Wednesday, February 21, 2018

Inerview with Nobukazu Teranishi

Nikkei publishes an interview with Nobukazu Teranishi, inventor of the pinned PD who recently was awarded the Queen Elizabeth Prize for Engineering.

"Now... except for Sony, which leads the world in the image sensor sector, Japanese companies have fallen behind, particularly in the semiconductor industry.

Teranishi said that changes are necessary for Japan to continue to compete globally.

He also suggested that engineers and technical experts should be held in higher esteem in Japan.

"Excellent engineers are a significant asset. Companies overseas shouldn't be able to lure them out of Japan just with better salaries. If they are that valuable, their value should to be recognized in Japan as well," he said.

Determining salaries by how long people have been at the company seems like "quite a rigid structure," he said.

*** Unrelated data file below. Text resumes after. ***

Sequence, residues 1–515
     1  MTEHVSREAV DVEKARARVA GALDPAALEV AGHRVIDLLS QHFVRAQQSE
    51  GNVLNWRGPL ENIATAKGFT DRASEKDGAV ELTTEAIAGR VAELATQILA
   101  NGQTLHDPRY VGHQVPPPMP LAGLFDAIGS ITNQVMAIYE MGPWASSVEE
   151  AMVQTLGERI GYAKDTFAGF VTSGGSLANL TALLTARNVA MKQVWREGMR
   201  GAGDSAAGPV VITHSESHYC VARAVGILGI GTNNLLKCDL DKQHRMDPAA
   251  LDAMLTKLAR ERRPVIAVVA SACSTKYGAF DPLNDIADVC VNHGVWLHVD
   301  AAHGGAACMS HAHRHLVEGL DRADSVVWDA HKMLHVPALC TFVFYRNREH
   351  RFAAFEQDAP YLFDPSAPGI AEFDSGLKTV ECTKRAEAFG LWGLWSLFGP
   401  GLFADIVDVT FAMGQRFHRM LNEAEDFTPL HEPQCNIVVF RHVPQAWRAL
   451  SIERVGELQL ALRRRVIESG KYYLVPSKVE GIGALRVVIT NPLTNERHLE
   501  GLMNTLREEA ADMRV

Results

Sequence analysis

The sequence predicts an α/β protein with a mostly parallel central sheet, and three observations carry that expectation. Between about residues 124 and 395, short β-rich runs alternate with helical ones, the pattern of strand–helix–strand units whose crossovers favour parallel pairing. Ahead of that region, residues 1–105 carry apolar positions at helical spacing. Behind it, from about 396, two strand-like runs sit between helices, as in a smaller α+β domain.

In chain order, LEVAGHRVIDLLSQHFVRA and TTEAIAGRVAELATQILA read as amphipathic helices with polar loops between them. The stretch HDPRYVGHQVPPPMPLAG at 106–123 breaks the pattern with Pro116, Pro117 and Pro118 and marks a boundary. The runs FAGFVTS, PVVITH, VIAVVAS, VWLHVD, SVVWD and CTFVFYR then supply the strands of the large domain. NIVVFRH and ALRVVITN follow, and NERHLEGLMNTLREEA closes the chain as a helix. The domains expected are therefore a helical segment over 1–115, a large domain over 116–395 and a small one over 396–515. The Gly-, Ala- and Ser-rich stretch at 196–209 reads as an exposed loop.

He added that engineers get little recognition for the work they do, with individual names rarely mentioned within the company or in the media.

Looking ahead to the future of image sensors, Teranishi feels one peak has been reached, with around 400 million phones produced annually that incorporate his technology. Next, he says, is the era of "images that you don't see."

For facial recognition and gesture input for games, he said, "No one sees the image but the computer is processing information. So there are many cases where a human doesn't see the image.
"

CIS Wafer Testing Presentation

Taiwan Jetek Technology publishes a presentation on CIS wafer-level testing.

Tuesday, February 20, 2018

IR-Enhancing Surface Structures Compared

IEEE Spectrum: TED publishes UCD and W&WSens Devices invited paper on light-bending microstructures to enhance PD QE and IR sensitivity "A New Paradigm in High-Speed and High-Efficiency Silicon Photodiodes for Communication—Part I: Enhancing Photon–Material Interactions via Low-Dimensional Structures" by Hilal Cansizoglu, Ekaterina Ponizovskaya Devine, Yang Gao, Soroush Ghandiparsi, Toshishige Yamada, Aly F. Elrefaie, Shih-Yuan Wang, and M. Saif Islam.

"[Saif] Islam and his colleagues came up with a silicon structure that makes photodiodes both fast and efficient by being both thin and good at capturing light. The structure is an array of tapered holes in the silicon that have the effect of steering the light into the plane of the silicon. “So basically, we’re bending light 90 degrees,” he says."